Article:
24 24 Common Kinds of Parallelism Instruction Level Parallelism Shared Memory Multithreading (for example, OpenMP) Distributed Multiprocessing (for example, MPI) GPU Parallelism (for example, CUDA) Hybrid Parallelism Distributed + Shared (for example, MPI + OpenMP) Shared + GPU (for example, OpenMP + CUDA) Distributed + GPU (for example, MPI + CUDA) Supercomputing in Plain English: Shared Mem Par Tue March

25 Supercomputing in Plain English: Shared Mem Par Tue March Why Parallelism Is Good The Trees: We like parallelism because, as the number of processing units working on a problem grows, we can solve the same problem in less time. The Forest: We like parallelism because, as the number of processing units working on a problem grows, we can solve bigger problems.

26 Supercomputing in Plain English: Shared Mem Par Tue March Parallelism Jargon Threads are execution sequences that share a single memory area (address space) Processes are execution sequences with their own independent, private memory areas … and thus: Multithreading: parallelism via multiple threads Multiprocessing: parallelism via multiple processes Generally: Shared Memory Parallelism is concerned with threads, and Distributed Parallelism is concerned with processes.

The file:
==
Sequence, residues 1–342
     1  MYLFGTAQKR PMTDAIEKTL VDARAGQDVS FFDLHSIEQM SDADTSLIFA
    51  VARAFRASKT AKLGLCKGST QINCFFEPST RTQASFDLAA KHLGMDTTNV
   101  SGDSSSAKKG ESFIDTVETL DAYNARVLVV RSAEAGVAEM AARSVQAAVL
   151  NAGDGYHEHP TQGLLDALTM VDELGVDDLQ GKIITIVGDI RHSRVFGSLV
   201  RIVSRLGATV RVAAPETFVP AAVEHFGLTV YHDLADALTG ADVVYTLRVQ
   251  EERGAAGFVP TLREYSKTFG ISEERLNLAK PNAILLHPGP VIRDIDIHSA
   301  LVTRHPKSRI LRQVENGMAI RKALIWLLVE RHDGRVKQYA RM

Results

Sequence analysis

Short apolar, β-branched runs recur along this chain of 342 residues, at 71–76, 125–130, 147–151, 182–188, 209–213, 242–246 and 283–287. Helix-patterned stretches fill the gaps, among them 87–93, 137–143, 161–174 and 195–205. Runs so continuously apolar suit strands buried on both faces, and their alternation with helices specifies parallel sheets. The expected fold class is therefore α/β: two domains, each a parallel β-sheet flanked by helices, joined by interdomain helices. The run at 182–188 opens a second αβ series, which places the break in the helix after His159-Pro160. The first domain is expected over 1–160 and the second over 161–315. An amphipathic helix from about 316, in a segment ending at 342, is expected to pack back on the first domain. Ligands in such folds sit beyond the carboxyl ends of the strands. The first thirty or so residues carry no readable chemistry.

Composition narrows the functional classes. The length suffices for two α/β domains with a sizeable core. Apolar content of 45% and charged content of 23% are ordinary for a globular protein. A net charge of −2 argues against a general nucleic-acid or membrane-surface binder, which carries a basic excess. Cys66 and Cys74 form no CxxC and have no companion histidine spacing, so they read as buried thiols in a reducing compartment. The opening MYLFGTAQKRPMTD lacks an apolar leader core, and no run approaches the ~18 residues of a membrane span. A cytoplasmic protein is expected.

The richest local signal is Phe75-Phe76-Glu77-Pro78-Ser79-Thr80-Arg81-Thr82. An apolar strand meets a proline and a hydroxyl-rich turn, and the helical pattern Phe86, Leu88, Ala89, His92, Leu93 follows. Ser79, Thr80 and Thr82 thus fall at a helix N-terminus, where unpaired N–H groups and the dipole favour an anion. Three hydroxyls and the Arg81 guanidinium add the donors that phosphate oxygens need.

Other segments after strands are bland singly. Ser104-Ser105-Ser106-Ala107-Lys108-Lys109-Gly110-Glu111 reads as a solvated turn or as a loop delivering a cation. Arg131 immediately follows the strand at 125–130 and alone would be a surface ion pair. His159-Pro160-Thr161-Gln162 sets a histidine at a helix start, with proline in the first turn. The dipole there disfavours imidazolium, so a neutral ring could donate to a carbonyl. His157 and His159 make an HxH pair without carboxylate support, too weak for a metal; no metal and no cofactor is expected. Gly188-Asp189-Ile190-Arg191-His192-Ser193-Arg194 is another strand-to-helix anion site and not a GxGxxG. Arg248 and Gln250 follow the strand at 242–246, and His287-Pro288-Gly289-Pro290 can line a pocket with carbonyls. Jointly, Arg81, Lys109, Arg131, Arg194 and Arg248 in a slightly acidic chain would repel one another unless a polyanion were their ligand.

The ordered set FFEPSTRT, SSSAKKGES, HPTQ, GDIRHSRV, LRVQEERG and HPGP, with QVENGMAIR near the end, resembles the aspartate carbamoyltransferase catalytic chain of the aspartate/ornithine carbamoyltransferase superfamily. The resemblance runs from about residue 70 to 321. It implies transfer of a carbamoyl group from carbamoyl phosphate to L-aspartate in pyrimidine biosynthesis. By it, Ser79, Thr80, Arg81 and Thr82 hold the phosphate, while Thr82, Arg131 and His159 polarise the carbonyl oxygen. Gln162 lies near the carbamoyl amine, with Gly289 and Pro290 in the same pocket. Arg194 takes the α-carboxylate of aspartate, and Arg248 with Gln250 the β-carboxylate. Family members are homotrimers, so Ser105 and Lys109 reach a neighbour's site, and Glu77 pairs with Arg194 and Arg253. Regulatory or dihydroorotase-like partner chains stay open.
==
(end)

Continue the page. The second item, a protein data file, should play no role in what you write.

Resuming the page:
27 Supercomputing in Plain English: Shared Mem Par Tue March Jargon Alert! In principle: shared memory parallelism multithreading distributed parallelism multiprocessing In practice, sadly, the following terms are often used interchangeably: Parallelism Concurrency (not as popular these days) Multithreading Multiprocessing Typically, you have to figure out what is meant based on the context.

28 Supercomputing in Plain English: Shared Mem Par Tue March Amdahls Law In 1967, Gene Amdahl came up with an idea so crucial to our understanding of parallelism that they named a Law for him: where S is the overall speedup achieved by parallelizing a code, F p is the fraction of the code thats parallelizable, and S p is the speedup achieved in the parallel part. [1]